According to the World Horse Organization (WHO, 2015), there are now approximately 58 million horses worldwide, with 16% in the USA, 13% in China,

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Part 4. Why Dogs Hump: Or, What We Can Learn from Our Special Friends

Marc Bekoff New World Library ePub

WE OFTEN HEAR that the companion animals with whom we share our lives have unqualified trust in us, that they believe we will always have their best interests in mind, and that they love us unconditionally and would do anything for us. And, indeed, they often do take care of us in a seemingly selfless manner.

But dogs and other animals don’t love everyone unconditionally. They can be very selective. From time to time it’s a good idea to revisit, if only briefly, some common beliefs we have about relationships between ourselves and other animals. I’ve been asked on many occasions about trust among animals, and this essay puts some of my thoughts on the table for discussion.

What does it mean to say our companions trust us? The notion of trust is difficult to discuss because it’s very broad and has many different sides. Trusting another is related to intention. What did a person (or other animal) intend to do, and were their actions in the best interest of another being? It’s possible to have the best of intentions and to do something that harms another being. This doesn’t mean that the individual who erred shouldn’t ever be trusted again.

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4: Trade in Meat

Phillips, C.J.C. CABI PDF

Trade in Meat


4.1  Introduction

Humans are not anatomically or physiologically designed to eat raw meat. The absence of elongated canine teeth makes tearing through raw meat difficult and the relatively high pH in our stomachs renders us susceptible to food poisoning if the flesh is at all contaminated. For our ancestors the infrequency of successful hunts would have made contamination of stored meat likely. However, their ability to master fire provided a method of processing meat to make it more easily consumed and less likely to be contaminated. Hence for as long as prehistoric records are available, meat consumption has been a part of the human diet. Our ancestors’ advanced ability to communicate facilitated complex hunting methods, luring animals into traps for example. Cave paintings suggest that there were ritual gatherings before the hunt, perhaps even with music and hallucinogenic drugs, which bonded the males together to improve their performance in the hunt.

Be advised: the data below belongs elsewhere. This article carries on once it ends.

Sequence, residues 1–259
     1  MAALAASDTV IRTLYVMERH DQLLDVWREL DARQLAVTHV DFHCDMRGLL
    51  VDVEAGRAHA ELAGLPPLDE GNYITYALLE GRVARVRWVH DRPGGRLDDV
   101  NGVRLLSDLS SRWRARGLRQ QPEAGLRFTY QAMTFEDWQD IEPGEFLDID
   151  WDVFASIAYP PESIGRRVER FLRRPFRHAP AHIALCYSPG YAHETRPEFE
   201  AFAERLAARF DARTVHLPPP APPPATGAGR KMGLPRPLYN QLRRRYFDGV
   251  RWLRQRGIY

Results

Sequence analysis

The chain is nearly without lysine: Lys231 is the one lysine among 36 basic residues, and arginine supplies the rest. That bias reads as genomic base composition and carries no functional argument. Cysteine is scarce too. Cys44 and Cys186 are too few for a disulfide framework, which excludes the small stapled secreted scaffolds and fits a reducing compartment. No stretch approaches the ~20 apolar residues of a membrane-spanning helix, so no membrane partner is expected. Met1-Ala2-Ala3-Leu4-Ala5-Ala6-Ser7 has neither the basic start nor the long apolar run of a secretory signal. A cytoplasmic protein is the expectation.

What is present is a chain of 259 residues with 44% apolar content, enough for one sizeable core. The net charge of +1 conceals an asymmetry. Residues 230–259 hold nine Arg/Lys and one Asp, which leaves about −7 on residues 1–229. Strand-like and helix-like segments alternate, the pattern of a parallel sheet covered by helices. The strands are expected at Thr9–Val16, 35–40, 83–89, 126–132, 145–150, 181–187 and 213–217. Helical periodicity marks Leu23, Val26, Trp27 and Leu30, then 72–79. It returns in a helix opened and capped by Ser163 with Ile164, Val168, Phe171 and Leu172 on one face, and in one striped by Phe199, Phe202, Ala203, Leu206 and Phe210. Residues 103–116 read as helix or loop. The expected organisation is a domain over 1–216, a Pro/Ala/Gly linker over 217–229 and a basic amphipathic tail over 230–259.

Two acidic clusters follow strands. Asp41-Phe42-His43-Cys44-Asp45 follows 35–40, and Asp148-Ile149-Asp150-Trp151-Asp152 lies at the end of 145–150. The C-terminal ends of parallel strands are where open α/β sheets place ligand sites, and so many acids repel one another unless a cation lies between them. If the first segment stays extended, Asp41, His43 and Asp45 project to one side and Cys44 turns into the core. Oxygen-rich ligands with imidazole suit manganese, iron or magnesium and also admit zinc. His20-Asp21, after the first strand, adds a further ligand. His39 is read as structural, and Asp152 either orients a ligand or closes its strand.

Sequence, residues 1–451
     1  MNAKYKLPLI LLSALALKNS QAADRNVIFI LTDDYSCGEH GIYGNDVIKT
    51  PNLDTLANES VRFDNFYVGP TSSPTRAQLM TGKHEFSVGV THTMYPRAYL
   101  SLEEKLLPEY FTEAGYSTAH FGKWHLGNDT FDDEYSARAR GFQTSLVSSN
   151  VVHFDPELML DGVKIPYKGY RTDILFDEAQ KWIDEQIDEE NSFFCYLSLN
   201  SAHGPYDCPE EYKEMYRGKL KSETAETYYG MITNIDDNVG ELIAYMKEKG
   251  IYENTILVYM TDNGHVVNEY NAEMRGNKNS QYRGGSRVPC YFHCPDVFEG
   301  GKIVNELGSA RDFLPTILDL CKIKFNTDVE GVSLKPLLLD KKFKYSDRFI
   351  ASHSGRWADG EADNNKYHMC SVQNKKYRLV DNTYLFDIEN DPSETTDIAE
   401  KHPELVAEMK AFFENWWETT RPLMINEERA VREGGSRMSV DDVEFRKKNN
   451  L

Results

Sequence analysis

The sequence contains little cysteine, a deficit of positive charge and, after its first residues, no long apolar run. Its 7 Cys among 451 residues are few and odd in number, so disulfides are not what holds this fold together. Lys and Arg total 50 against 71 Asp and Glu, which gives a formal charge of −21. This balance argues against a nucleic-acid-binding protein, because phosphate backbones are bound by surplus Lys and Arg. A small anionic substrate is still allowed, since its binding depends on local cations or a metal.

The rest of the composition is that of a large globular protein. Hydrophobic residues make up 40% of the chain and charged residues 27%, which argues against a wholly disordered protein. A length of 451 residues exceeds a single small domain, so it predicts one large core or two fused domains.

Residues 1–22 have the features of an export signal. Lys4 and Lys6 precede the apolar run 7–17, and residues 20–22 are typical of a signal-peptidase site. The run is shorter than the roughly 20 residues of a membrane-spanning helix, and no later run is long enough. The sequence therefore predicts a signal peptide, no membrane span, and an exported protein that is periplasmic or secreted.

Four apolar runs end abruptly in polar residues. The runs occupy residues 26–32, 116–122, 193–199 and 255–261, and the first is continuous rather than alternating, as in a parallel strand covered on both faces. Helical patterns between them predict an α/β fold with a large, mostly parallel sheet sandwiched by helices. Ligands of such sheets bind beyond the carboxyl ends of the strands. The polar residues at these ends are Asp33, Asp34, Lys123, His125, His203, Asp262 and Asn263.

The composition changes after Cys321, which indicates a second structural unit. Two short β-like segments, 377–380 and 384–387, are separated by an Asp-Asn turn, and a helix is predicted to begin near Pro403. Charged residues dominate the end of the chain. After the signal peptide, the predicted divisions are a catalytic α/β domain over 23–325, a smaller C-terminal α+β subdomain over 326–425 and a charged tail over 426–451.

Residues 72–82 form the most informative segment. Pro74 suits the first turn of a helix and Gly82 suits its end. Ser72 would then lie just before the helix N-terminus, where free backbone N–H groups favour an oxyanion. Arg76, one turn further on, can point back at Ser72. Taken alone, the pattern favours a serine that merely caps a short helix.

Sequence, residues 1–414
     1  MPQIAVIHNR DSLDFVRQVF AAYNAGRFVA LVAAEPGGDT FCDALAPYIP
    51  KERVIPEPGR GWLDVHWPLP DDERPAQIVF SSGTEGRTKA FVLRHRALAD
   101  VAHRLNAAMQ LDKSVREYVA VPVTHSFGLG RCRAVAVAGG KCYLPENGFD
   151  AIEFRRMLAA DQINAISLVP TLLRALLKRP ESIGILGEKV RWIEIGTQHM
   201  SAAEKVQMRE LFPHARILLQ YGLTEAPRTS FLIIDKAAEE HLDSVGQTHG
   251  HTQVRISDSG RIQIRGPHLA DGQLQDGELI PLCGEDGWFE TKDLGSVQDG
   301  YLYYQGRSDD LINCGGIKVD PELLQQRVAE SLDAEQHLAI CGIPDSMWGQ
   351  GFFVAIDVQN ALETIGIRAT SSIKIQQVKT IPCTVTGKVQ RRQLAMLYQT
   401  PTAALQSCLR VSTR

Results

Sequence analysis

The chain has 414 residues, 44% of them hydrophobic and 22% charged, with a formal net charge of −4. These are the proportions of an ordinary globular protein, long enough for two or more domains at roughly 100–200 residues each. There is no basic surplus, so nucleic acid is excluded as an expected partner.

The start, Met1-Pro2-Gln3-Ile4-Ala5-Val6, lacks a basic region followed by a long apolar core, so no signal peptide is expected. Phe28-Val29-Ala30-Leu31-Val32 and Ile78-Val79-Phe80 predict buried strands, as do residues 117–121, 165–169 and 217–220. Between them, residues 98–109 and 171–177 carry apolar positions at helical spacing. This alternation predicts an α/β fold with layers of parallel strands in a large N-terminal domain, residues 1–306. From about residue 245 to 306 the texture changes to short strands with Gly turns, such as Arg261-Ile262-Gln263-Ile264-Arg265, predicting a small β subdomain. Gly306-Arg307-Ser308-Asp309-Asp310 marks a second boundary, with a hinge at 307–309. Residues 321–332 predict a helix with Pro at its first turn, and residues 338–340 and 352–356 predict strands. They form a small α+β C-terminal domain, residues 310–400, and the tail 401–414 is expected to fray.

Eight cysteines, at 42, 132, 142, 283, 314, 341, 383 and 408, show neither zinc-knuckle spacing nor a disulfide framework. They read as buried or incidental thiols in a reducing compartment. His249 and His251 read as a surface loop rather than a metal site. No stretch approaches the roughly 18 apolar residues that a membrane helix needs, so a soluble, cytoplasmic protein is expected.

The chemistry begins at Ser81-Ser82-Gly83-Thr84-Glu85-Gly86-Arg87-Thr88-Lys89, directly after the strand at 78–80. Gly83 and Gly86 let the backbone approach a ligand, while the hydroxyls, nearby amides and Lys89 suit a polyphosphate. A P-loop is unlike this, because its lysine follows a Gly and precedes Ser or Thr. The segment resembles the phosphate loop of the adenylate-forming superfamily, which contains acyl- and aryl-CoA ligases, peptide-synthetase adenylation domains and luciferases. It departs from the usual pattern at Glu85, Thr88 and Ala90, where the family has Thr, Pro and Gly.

Hunting for meat provided an alternative to the long process of gathering nutrients from plant life, which varied with climate and season and often required a nomadic lifestyle to follow the geographic availability of suitable plants. The nutrient demands for hunting, gathering and nomadism were considerable, and meat was able to provide the highly digestible food needed. Nevertheless, the risks involved and uncertainty in finding food meant that life was short, typically 25–40 years. With the coming of agriculture, and the development of improved plants, principally cereals, with higher seed yields, a settled way of life became possible and it was no longer necessary to hunt animals for meat. However, in colder parts of the world, particularly the northern parts of the northern hemisphere, meat consumption remained necessary because it could provide the nutrients needed, and in these regions crop growth was limited. Over the last 1000 years people from these regions came to colonize most of the rest of the world and the colonizers took their meat-eating habits with them. For example, the British colonies covered one-third of the world at the beginning of the 20th century,